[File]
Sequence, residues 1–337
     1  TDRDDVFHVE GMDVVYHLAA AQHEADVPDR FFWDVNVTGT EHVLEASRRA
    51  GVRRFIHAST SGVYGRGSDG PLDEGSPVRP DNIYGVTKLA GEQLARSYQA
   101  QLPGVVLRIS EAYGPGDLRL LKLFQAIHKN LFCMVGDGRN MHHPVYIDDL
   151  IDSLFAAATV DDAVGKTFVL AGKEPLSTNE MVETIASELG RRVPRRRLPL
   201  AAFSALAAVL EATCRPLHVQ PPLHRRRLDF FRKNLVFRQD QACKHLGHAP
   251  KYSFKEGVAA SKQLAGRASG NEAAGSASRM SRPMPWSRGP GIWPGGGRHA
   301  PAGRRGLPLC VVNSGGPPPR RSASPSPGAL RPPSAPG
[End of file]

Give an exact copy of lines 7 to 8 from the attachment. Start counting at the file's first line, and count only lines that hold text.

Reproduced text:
   251  KYSFKEGVAA SKQLAGRASG NEAAGSASRM SRPMPWSRGP GIWPGGGRHA
   301  PAGRRGLPLC VVNSGGPPPR RSASPSPGAL RPPSAPG